as the Knards? Judging by the weight I would think so. Ill just stick with the Minions I think.

  19. #69
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    Quote Originally Posted by bikeny View Post
    MTB Pilot: I can't tell from your pictures, but is the Knard brand new as well, and just mounted? Just asking because new tires will grow after a couple of days of being aired up, and tires this big could easily grow 3mm to 5mm wider and taller.
    Yes, both tires were new and measured about 10 mins after being inflated to 30 psi. The Knard has about 12 miles on it now. I will re measure both of these tires after I build the Gnarvester and get some miles on the tires.

    The casing on the Trax Fatty felt quite a bit sturdier than the Knard.
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  20. #70
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    Rode my Vee Trax fatty last night and enjoyed it. It was moist/wet here and also dry in parts. A good overall test. Set up tubeless on my Duallies but burped and burped and burped until I was rolling back to the car on a half aired drag tire.

    Grip was great. Tubeless setup was great. No complaints at all except with the Velocity rim and the tubeless set up. Will get tubes tonight before I head out for SSUSA.

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  21. #71
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    That's what I figured. For where I ride and how I ride Ill stick with Minions.
    Thanks

  22. #72
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    Quote Originally Posted by fixgeardan View Post
    I want to know about casing thickness? Are all these new tires as wimpy in the casing
    as the Knards? Judging by the weight I would think so. Ill just stick with the Minions I think.
    Nothing in 29+ will ever approach your Minion casings for durability. If they did no one would buy them because they'd be 1500g+.

    That said, both Trax Fatty and Chronicle casings seem much improved over the paper-thin Knards.

  23. #73
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    Quote Originally Posted by appleSSeed View Post
    Grip was great. Tubeless setup was great. No complaints at all except with the Velocity rim and the tubeless set up.
    Hahaha! I feel your pain on the duallys.

    Vikb the chronicle looks like the way to go if they ever release them. Im very intersted in that bonty. that pattern looks like a fast rolling tire.

  24. #74
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    Chronicle Review, hopefully they will be available soon

    First Look! – Maxxis Chronicle 29+ Tire | FAT-BIKE.COM
    Go get that KOM "You Deserve" - http://www.digitalepo.com/index.php

  25. #75
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    Mtbpilot those tires actually make derbys look kinda normal. I know on my 650b derbys the tires look tiny compared to the rim.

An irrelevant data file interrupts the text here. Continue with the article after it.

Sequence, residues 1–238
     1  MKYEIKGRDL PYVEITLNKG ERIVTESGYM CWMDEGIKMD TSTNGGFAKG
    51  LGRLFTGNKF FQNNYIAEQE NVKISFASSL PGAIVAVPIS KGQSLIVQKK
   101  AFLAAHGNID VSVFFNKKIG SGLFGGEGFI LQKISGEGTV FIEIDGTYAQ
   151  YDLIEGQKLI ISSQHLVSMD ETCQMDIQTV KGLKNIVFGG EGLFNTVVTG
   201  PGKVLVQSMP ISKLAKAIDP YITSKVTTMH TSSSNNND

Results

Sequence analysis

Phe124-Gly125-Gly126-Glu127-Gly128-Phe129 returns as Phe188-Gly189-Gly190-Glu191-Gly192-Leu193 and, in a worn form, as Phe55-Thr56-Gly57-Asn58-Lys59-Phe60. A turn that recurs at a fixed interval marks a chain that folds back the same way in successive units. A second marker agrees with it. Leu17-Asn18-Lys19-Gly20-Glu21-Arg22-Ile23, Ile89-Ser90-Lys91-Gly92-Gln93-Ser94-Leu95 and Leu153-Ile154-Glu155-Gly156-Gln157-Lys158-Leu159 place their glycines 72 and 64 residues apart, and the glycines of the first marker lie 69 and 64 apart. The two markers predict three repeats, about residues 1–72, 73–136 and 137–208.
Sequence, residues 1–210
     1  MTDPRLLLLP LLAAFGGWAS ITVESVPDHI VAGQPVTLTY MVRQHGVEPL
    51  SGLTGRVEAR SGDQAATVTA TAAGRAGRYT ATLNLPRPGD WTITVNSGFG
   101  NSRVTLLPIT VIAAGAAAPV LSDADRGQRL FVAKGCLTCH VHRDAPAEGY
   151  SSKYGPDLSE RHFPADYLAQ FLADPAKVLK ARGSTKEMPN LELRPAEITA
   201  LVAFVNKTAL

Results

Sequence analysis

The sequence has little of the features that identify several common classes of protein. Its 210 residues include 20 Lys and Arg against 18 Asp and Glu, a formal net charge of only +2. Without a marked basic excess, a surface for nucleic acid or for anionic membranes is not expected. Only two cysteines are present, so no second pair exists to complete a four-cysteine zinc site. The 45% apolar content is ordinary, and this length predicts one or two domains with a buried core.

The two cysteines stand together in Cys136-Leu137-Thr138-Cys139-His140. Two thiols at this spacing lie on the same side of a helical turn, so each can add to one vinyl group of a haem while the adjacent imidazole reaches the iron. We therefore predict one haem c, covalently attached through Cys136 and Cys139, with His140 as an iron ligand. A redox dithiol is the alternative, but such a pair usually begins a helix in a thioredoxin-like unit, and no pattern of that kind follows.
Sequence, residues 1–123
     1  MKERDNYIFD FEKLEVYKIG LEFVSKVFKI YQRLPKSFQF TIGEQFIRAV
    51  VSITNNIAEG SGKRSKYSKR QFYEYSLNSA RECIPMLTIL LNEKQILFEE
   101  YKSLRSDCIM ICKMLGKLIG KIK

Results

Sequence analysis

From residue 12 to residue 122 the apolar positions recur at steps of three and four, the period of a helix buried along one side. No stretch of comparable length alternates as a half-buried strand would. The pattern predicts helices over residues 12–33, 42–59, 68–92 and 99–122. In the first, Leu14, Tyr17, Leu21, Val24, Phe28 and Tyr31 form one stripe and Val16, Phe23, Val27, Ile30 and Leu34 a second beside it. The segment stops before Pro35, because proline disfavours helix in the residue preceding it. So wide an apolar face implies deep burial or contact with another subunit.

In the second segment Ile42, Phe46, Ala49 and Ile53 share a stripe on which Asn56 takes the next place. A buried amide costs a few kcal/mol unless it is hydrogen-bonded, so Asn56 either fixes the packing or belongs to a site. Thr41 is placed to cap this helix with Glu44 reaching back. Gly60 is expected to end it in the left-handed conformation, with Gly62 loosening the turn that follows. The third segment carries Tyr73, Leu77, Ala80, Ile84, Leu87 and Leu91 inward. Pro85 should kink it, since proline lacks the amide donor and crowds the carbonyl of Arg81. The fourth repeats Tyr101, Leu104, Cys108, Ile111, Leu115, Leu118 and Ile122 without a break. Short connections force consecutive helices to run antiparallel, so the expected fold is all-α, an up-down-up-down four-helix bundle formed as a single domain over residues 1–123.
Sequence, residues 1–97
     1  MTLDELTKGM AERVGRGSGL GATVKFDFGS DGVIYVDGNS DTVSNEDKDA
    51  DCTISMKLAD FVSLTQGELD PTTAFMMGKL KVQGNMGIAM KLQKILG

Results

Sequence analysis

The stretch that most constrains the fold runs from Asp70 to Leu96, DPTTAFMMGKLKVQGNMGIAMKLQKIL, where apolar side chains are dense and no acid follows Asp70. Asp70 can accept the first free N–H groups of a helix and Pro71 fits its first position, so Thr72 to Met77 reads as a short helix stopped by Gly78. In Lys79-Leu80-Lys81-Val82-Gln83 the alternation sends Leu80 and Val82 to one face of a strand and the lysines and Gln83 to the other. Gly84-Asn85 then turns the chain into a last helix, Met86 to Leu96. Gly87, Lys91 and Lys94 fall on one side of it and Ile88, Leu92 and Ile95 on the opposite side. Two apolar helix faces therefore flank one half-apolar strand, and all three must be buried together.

26. #76
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    A width of 2.7"/69mm is just about right for many standard 29er forks which allows for many more potential customers. I don't really get why no one made that size before 29+ was a thing. My current Vee Rubber Mission 2.4 actually has a 2.25/57mm casing on a 21mm ID rim but my Flyxii FK-8 rigid fork has room for 70mm. Big 2.4 tires get up to about 63mm on a 30mm ID rim but that is still short of what I want.

  27. #77
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    Got my trax fattys mounted up yesterday. Took them out for a spin this morning. The narrow tread pattern gives up nothing to the knards. They roll just as good and have just as much if not more cornering grip. Mine weighed in at 900 grams dead on. On my duallies they measured 2.75 block to block and 2.95 at the casing. I set them up tubeless aired up to 50psi and let them sit overnight to stretch them out. Settled on 14psi front and 16 rear. I will drop down to 12 front and 14 rear on the next ride. The sidewall on them is much beefier then 120tpi knards.

  28. #78
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    got a couple more rides in since mounting them up. found that they are a little more picky with pressure then the knards. ive settled on 13f 15r. i rode the second outing with 12 and 14. at 12 the front would burp ever so slightly on the dually when standing and cranking up hill. my krampus is setup ss. this eventually left me in around 8 psi by the end of my 15 mile loop. at this super low pressure the rolling resistance ramped way up and felt like i was dragging a tank. also at lower pressures they tend to have an auto steer effect. this goes away at higher pressures. at the 13/15 combo they roll fast and grip really well in the turns but ride a little harsher then the knard. overall im happy with this tire. at 30$ cheaper, 100g lighter plus the tr casing Vee has given us a really good alternative. i still plan on trying the Chronicle when it comes out.